In the Australian Competition and Consumer Commission v Oakmoore Pty Ltd cases, the Federal Court declared, by consent, that Ampelite Australia Pty Ltd (Ampelite), Palram Australia Pty Ltd (Palram) and Oakmoore Pty Ltd (trading as EGR) had engaged in exclusive dealing conduct which had the purpose of substantially lessening competition. The Court ordered the parties to pay penalties totalling $11.95 million. The $350,000 penalty imposed on Mr Horwill, a director of EGR, is the highest penalty ever imposed on an individual for a breach of the exclusive dealing provisions of the Competition and Consumer Act 2010 (Cth) (CCA).
These cases are also the first time that the Court has imposed a penalty for being “knowingly concerned” in a contravention of the exclusive dealing provision. Australian Competition and Consumer Commission (ACCC) Chair Rod Sims said that “the penalties ordered by the court show that exclusive dealing conduct is serious illegal behaviour”.
Ampelite and Palram were distributors of polycarbonate roof sheeting (polycarb), and competed in the $45 million national market to supply to commercial purchasers: being retail stores, large commercial users and on-sellers. EGR was a manufacturer and supplier of plastic products. At the relevant time, EGR only competed in the polycarb distribution market to a limited extent.
In late 2008, Mr Horwill communicated to Mr Vergahen and Ms Horesh, directors of Ampelite and Palram respectively, that unless Ampelite and Palram agreed to purchase polycarb from EGR, EGR would enter the retail market: meaning that EGR would supply polycarb to commercial purchasers, in competition with Ampelite and Palram. Both Ampelite and Palram were concerned about the entry of EGR into the market, as they believed the addition of a new supplier would require them to lower their prices for polycarb.
EGR, Palram and Ampelite admitted that, as a result of these discussions:
- Ampelite and Palram verbally agreed that each of them would enter into a supply agreement to purchase polycarb from EGR, on the basis that EGR would agree to refrain from supplying polycarb to commercial purchasers; and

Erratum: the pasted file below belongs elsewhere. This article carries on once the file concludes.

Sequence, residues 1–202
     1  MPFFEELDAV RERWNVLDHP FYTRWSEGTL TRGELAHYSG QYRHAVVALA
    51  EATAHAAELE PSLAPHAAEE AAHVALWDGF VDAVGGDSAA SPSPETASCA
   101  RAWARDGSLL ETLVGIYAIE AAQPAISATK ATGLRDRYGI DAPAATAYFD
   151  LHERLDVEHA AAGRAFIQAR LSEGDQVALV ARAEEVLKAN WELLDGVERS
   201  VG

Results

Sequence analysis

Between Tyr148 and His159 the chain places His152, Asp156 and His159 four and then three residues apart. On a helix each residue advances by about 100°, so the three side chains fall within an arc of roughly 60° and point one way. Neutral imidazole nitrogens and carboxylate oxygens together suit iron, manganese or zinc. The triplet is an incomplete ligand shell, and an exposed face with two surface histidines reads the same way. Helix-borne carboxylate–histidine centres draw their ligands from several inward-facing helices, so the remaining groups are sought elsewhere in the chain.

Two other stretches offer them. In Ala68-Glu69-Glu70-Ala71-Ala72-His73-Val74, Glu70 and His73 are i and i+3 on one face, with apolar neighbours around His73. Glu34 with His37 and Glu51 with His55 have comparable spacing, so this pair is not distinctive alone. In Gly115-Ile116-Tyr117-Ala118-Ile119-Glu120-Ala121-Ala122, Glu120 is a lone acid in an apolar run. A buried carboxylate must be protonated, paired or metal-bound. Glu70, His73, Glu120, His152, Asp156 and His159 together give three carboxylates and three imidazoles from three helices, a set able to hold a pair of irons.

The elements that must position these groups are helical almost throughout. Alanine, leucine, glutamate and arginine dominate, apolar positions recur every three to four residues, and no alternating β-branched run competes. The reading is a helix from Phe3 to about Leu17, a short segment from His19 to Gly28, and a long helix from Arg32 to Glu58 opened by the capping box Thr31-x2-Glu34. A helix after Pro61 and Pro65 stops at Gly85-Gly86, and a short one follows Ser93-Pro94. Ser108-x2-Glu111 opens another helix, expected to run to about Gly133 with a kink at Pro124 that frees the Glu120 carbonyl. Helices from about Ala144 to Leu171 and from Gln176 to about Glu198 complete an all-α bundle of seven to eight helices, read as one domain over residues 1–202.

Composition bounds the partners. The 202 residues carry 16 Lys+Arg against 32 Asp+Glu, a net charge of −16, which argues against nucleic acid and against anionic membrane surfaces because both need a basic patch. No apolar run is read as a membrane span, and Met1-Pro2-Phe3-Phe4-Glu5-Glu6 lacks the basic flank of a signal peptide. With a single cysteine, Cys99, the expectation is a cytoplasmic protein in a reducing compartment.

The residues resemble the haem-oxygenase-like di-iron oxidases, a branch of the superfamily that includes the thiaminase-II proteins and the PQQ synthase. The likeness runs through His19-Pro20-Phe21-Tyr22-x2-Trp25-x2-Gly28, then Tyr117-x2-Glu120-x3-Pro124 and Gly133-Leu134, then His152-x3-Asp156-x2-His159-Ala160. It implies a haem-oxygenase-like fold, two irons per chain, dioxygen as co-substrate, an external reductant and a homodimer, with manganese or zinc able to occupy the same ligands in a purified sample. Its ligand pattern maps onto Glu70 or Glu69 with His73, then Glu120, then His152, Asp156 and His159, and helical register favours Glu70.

- Palram and Ampelite both entered into written supply agreements with EGR on this basis.
All parties admitted, and the Court held, that this conduct contravened the exclusive dealing prohibition in s 47(1) of the CCA. The Court held that Palram and Ampelite engaged in exclusive dealing, as defined in s 47(4), because the parties acquired and offered to acquire polycarb from EGR, on the basis that EGR would not supply, or seek to supply, polycarb to commercial purchasers. The Court held that EGR was knowingly concerned in and party to the contravention. Further, the Court found that the agreement between Palram and Ampelite, and their supply agreements with EGR, had the purpose of substantially lessening competition in the distribution market.
The relevant parties admitted, and the Court also held, that Mr Horwill, Ms Verhagen and Ms Horesh were knowingly concerned and party to the contraventions, within the meanings of s 76(1)(e) and s 75B(1)(c) of the CCA.
Ampelite also admitted that it breached the prohibition on anti-competitive agreements in s 45(2) of the CCA. It admitted that it entered into and gave effect to the agreement with Palram, and that the agreement had the purpose and likely effect of substantially lessening competition in the distribution market.
The Court imposed the relief which was agreed upon by the parties and the ACCC. EGR, Palram and Ampelite were ordered to pay $6 million, $3.5 million and $2 million respectively. Mr Horwill was ordered to pay a record-breaking $350,000, whilst Mr Vergahen and Ms Horesh were ordered to pay $100,000 and $250,000 respectively.
The Court was influenced by the fact that Palram and Ampelite provided significant and early assistance to the ACCC. As EGR and Mr Horwill only conceded just before their trial was scheduled to start, the Court reasoned that their delay justified a higher penalty.
In addition, all parties were ordered to contribute to the ACCC’s costs, and to cause all directors and employees to receive training regarding their responsibilities and obligations under Part IV of the CCA. Furthermore, Ms Horesh was disqualified from managing corporations for 3 years under s 86E(1) of the CCA. The Court refused Palram’s application for a non-publication order. His Honour was not satisfied that the prices paid by Palram to EGR were of commercial significance.